亞、非政府緊急協議抗盜獵 走私野生動物列重罪 | 台灣環境資訊協會-環境資訊中心

亞、非政府緊急協議抗盜獵 走私野生動物列重罪

2013年12月06日
摘譯自2013年12月3日ENS非洲,波札那,嘉柏隆里報導;姜唯編譯;蔡麗伶審校

波札那政府和世界自然保育聯盟(IUCN)12月2日至4日共同召開非洲象高峰會,會議上發表的最新數據顯示,如果盜獵情形持續不減,非洲在10年內將失去5分之1的大象。與會國家並達成遏止非法貿易的緊急協議,同意實施「零容忍政策」,將野生動物走私歸類為「重大犯罪」。

波札那奧卡萬戈三角洲的大象。(圖片:Ibontxo)

包括波札那、加彭、肯亞、尼日和贊比亞等非洲象所在地國家,越南、菲律賓、馬來西亞等象牙運輸國家,以及象牙最終銷售國家──中國和泰國,各國代表皆同意會議中訂定的14項相關措施,其中一項是將野生動物走私歸類為「重大犯罪」。此措施將啟動聯合國打擊跨國組織犯罪公約(United Nations Convention Against Transnational Organized Crime)下的各項國際執法合作行動,包括法律互助、資產扣押沒收以及引渡野生動物罪犯。

打擊2009年以來的象牙盜獵和走私潮,各國政府將以現行的法律加上更嚴謹的監管框架,調查、逮捕、扣押和起訴涉嫌野生動物犯罪者。與會各國同意實施「零容忍政策」,對盜獵和走私罪犯處以「最重且具嚇阻力」的罰則,並實施涵蓋野生動物、貪汙、洗錢、組織犯罪、槍枝濫用和恐怖主義等多個面向的相關法律,以及同意讓非洲象棲息地的社區居民加入保育工作。

2013年8月30日在泰國查獲4箱裝有象牙的行李箱,這是其中一箱(照片由TRAFFIC提供)。IUCN和兩個監督非洲象的組織在高峰會上發表最新分析報告,指出1990年代趨緩的盜獵和走私情形,在2000年代中期開始逐漸增加,並於2009年後直線攀升。2012年與2011年相比,整體趨勢見緩,但仍然維持在非常高的水平。

華盛頓公約秘書處「非法大象屠殺監控計畫」(MIKE)發表的分析則指出,2012年MIKE監控的42處地點有15000頭大象遭非法獵殺。根據MIKE的報告,2012年整個非洲大陸共有22000頭大象遭非法獵殺,略少於2011年預估的25000頭。

今年截至目前為止共查獲18起大規模象牙走私,總計超過40噸,達到25年來的最大量。一般象群的自然族群成長率不到5%,2012年的預估盜獵比例是7.4%,仍是讓象群無法永續生存的比例。

Governments Crack Down on Elephant Poachers, Ivory Smugglers
GABORONE, Botswana, December 3, 2013 (ENS)

African and Asian nations where elephants are poached or their ivory is illegally shipped or sold today agreed on urgent measures to halt the illegal trade and secure the survival of African elephants.

New data released Monday shows that if poaching continues at current levels, Africa is likely to lose a fifth of its elephants in the next 10 years.

Government agreed to apply “a zero tolerance approach,” and sentence those convicted to “maximum, and therefore deterrent” penalties to combat an upsurge in poaching and smuggling of elephant ivory since 2009.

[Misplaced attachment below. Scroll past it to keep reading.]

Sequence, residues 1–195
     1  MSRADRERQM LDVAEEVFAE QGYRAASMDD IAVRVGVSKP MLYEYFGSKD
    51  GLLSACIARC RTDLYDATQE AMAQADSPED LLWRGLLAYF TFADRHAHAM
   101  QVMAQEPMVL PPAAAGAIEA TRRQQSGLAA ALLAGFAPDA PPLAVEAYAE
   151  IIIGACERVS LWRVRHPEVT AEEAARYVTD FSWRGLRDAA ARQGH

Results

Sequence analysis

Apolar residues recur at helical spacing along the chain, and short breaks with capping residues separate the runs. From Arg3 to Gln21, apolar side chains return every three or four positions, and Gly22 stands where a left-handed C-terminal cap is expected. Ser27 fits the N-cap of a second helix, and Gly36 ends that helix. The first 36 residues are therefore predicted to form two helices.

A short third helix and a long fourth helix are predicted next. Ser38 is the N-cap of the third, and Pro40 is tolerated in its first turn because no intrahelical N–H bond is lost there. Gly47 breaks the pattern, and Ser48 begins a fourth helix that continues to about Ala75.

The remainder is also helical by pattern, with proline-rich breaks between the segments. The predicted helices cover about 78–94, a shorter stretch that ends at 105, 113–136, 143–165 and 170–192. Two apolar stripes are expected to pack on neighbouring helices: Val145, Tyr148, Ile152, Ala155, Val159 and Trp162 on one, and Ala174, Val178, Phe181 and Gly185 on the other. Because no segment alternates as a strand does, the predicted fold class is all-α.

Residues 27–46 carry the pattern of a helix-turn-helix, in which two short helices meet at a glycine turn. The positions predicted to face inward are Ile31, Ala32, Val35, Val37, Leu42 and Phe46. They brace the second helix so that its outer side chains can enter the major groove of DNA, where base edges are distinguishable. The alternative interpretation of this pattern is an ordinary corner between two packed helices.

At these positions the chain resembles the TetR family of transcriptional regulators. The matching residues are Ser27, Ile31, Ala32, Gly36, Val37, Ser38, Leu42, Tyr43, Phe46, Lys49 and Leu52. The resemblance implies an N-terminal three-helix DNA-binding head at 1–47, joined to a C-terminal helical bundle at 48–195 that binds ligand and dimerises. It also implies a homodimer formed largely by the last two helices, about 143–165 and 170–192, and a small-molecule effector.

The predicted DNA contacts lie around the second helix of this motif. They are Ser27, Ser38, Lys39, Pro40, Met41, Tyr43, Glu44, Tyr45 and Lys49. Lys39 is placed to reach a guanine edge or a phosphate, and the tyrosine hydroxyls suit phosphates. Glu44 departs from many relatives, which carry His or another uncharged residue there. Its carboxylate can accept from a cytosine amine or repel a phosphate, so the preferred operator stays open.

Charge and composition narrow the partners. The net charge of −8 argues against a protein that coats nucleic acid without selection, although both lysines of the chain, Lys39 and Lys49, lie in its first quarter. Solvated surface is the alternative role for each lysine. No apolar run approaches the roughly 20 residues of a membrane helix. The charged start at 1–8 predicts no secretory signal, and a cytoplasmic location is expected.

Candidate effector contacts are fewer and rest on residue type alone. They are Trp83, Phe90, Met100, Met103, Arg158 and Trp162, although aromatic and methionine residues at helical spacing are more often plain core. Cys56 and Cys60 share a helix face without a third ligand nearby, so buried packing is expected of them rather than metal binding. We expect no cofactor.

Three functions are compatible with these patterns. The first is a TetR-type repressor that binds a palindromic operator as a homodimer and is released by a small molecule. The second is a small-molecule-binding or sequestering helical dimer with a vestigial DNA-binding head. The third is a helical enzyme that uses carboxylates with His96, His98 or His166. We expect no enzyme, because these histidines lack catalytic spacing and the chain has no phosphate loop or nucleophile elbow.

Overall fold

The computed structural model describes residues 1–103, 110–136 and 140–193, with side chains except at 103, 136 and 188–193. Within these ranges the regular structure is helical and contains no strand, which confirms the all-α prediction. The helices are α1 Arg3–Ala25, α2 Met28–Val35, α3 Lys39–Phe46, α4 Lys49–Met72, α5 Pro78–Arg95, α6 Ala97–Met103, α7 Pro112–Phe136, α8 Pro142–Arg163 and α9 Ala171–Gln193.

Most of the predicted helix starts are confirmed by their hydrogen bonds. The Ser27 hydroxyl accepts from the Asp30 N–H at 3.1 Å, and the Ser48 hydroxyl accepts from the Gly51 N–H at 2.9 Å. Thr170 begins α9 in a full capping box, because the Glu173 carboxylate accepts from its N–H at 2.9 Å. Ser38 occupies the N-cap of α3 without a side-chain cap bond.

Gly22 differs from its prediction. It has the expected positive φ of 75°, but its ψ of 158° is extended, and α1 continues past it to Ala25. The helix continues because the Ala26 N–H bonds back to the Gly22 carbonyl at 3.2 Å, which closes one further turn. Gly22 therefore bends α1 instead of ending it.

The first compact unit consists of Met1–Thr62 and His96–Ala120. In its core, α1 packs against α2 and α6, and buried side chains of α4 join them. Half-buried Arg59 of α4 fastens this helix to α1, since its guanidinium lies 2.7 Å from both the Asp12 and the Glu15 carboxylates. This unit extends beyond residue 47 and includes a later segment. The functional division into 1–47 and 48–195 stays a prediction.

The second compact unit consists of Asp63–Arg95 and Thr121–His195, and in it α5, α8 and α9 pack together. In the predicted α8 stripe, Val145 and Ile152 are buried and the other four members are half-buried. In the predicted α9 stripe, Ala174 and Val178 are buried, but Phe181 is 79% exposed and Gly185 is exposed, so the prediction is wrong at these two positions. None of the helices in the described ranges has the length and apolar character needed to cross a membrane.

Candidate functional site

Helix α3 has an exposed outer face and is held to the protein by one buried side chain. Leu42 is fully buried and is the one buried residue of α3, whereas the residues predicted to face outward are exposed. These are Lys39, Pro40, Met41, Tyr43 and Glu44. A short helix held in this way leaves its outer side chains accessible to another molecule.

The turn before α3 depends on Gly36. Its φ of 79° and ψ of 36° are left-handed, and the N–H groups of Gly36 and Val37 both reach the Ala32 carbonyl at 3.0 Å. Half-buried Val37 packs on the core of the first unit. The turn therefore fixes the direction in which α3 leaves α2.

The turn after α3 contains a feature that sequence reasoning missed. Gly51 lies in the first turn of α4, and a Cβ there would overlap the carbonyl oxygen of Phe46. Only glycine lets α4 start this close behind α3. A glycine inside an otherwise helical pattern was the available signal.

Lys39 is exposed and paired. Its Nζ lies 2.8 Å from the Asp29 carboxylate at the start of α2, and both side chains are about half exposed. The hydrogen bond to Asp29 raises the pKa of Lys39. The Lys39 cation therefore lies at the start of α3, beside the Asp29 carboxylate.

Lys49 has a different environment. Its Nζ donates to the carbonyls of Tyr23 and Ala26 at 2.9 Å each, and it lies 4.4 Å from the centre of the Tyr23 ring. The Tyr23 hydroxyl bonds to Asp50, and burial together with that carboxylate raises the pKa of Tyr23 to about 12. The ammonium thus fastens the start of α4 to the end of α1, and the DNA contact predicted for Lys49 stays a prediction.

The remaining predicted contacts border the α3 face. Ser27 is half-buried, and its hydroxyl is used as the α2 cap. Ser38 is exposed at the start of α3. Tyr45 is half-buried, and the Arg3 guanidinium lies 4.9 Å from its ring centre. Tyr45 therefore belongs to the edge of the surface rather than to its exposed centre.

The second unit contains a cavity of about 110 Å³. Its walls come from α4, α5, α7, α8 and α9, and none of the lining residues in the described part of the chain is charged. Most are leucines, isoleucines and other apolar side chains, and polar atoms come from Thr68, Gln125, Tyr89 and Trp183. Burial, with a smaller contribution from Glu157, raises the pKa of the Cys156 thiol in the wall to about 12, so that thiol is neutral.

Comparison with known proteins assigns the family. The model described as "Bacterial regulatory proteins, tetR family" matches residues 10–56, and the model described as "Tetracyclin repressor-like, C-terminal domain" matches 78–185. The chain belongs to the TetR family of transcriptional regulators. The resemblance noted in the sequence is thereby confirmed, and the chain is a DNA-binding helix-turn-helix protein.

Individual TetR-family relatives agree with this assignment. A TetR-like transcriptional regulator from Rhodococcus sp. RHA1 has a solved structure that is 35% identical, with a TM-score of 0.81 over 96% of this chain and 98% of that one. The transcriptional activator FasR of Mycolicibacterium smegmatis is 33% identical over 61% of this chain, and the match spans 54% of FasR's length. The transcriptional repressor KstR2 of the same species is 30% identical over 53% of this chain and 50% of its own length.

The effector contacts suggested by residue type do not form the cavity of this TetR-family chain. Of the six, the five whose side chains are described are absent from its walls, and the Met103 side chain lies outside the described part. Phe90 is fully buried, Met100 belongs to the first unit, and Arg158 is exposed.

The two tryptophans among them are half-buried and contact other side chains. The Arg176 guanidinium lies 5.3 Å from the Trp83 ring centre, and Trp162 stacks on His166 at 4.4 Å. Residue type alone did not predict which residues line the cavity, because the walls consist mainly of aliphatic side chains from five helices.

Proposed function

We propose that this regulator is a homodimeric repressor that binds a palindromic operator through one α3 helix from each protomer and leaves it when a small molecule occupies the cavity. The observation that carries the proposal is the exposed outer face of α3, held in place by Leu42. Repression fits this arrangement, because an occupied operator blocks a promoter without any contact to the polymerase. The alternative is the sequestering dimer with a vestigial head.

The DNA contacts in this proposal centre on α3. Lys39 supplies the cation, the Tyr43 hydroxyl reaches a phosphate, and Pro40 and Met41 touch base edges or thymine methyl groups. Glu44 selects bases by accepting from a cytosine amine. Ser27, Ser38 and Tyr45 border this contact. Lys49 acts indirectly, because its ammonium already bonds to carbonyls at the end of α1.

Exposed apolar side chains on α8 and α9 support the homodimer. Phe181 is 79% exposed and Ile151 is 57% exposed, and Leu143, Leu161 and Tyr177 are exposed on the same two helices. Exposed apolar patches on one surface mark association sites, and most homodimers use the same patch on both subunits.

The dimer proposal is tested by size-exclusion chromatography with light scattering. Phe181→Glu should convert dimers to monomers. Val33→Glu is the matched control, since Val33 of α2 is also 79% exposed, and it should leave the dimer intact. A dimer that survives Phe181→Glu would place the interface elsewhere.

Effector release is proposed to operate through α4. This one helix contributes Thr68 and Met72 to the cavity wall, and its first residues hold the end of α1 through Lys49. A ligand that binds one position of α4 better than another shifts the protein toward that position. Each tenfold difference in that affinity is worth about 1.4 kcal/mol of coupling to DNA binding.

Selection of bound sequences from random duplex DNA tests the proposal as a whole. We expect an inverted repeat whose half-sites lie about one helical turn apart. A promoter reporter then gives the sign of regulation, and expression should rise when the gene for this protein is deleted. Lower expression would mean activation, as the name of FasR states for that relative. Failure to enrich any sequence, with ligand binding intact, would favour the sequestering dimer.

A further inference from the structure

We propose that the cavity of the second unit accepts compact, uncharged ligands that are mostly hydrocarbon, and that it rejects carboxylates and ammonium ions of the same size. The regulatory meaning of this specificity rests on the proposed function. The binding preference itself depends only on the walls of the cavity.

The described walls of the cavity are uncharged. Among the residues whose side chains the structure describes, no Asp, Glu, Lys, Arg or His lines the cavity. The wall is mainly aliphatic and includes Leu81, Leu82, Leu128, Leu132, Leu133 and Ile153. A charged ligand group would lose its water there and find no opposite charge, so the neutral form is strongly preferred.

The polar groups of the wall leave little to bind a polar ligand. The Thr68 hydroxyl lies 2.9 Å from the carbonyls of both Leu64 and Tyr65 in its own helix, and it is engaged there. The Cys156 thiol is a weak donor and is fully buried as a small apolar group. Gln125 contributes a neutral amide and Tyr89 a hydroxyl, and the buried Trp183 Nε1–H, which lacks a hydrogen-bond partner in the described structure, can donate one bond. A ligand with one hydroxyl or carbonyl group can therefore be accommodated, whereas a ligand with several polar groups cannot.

They will use a combination of existing laws and strengthened regulatory frameworks for investigation, arrest, seizure and prosecution of suspected wildlife criminals. Laws covering wildlife, corruption, money laundering, organized crime, firearms employment and terrorism may be employed for this purpose, governments agreed.

The agreement was reached at the ongoing African Elephant Summit convened by the government of Botswana and the International Union for Conservation of Nature, IUCN.

The measures were agreed by African elephant range states, including Botswana, Gabon, Kenya, Niger and Zambia, ivory transit states Vietnam, Philippines and Malaysia and ivory destination states, including China and Thailand.

One of the 14 measures the delegates committed their governments to involves classifying wildlife trafficking as a “serious crime.”

This will unlock international law enforcement cooperation provided under the United Nations Convention Against Transnational Organized Crime, including mutual legal assistance, asset seizure and forfeiture and extradition to hold criminals accountable for wildlife crime.

Governments also agreed to engage communities living with elephants in their conservation.

They will mobilize financial and technical resources to combat wildlife crime and attempt to reduce demand for illegal ivory.

A comprehensive analysis was issued in December for the summit. Prepared by the IUCN and two other organizations responsible for monitoring elephants, the analysis shows that following an easing in the 1990s levels of poaching and the illegal ivory trade started to increase again in the mid-2000s. The rate of increase jumped sharply after 2009. The overall trend appears to be leveling off in 2012 compared to 2011, but at an unsustainably high level.

Analysis by the program for Monitoring the Illegal Killing of Elephants, MIKE, managed by the CITES Secretariat, suggests that 15,000 elephants were illegally killed at the 42 monitored MIKE sites in 2012.

According to MIKE, an estimated 22,000 elephants were illegally killed continent-wide in 2012, a slight reduction from the estimated 25,000 elephants poached in 2011.

The estimated poaching rate of 7.4 percent in 2012 remains at an unsustainably high level, as it exceeds natural population growth rates – usually no more than five percent.

Eighteen large scale seizures involving more than 40 tonnes have been recorded so far this year – the greatest quantity of illicit ivory seized over the last 25 years.

※ 全文及圖片詳見:ENS

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